“Turn the lights on.” I started to say, “I need someone to turn the lights one. Turn the lights on!”

How did I get to be the one freaking out?

The guide complied and I promptly grabbed hold of my mom and told her what I saw and felt. She agreed about the shadows blocking out the windows. She had seen them, too.

After that, I couldn’t wait to get out of Muckross Abbey. It was unfortunate that we had to walk back through forest in total darkness (and in the rain) in order to get back to the bus with only one small flashlight for our whole group, because I spent that entire walk fearing that I was going to be attacked by whatever had been so angry at me in that room.

Oh, and if you were wondering, that room we were in was the room in which the Franciscan monks were imprisoned and led to their death. Often chained together.

Comforting.

That was one day (of a few I’ve had in my life) during which I learned that the history of a place is often 100% palpable, no matter how much time has passed.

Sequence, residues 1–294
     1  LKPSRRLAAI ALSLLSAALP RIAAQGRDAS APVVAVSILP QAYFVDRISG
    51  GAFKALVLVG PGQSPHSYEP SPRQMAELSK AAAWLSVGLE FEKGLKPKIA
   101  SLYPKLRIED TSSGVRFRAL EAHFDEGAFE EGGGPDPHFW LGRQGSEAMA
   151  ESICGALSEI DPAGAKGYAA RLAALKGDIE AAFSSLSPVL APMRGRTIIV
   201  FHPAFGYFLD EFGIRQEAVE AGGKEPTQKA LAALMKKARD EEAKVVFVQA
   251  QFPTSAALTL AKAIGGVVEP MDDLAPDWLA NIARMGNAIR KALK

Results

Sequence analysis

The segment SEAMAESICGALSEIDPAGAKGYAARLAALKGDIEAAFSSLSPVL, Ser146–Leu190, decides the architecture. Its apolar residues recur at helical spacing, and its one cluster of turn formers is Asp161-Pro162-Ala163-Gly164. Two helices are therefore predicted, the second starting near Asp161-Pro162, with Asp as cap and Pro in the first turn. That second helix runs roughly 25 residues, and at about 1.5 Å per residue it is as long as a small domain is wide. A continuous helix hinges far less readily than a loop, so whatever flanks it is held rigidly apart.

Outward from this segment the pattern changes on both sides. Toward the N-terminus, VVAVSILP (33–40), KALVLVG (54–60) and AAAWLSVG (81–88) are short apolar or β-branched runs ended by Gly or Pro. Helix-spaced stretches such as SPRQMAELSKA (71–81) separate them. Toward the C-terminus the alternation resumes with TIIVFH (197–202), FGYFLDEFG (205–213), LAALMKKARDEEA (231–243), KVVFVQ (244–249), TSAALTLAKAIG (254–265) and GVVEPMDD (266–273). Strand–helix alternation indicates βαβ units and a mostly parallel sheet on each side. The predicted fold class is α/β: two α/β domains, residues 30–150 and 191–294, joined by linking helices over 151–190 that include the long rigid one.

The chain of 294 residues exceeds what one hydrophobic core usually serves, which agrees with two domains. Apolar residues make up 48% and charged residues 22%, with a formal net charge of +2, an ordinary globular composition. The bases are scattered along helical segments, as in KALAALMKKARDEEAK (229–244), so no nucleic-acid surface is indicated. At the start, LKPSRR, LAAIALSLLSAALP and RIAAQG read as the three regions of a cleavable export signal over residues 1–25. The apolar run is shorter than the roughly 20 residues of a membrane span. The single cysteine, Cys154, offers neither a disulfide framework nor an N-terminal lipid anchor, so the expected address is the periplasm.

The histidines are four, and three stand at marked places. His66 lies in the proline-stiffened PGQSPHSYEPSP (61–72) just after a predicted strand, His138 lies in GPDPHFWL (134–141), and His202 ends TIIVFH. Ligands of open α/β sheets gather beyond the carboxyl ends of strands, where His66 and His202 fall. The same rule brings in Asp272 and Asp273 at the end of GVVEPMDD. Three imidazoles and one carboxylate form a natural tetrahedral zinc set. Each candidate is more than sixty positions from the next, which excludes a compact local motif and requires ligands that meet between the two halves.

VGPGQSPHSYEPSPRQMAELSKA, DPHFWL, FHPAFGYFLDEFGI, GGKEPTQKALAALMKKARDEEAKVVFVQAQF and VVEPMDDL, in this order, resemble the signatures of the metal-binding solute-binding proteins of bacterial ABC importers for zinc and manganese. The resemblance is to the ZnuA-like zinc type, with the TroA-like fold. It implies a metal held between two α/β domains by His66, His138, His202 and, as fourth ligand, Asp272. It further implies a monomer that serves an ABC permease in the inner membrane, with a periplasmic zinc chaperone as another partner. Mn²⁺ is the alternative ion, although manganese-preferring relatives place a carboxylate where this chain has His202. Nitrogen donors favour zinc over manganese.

It also solidified my belief in ghosts, or the paranormal, or whatever you want to call it.

xA

P.S. Tell me your ghost stories.

Three Hundred Fifteen.

So, I got my tarot cards read today.

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Yup.

It’s something I’ve always been curious about, and I figured hey, I’m feeling kind of lost and have felt like my life has been at a crossroads for like, over a year now, so I might as well just give it a go.

It was weird.

Here’s the thing: I consider myself a very intuitive person. On top of that, I’m a writer, so observing people is like, my favourite thing to do. As a result, I feel like I can read people very well, and I’m extra sensitive to how people speak, the subtext of what they say, and how they interact with me.

This woman was nervous around me. Maybe I’m hard to read – fair enough, I’ve been told that before. She seemed to be struggling very hard with figuring out who I am and what I do, and the “imagery” she kept calling upon had little to nothing to do with me.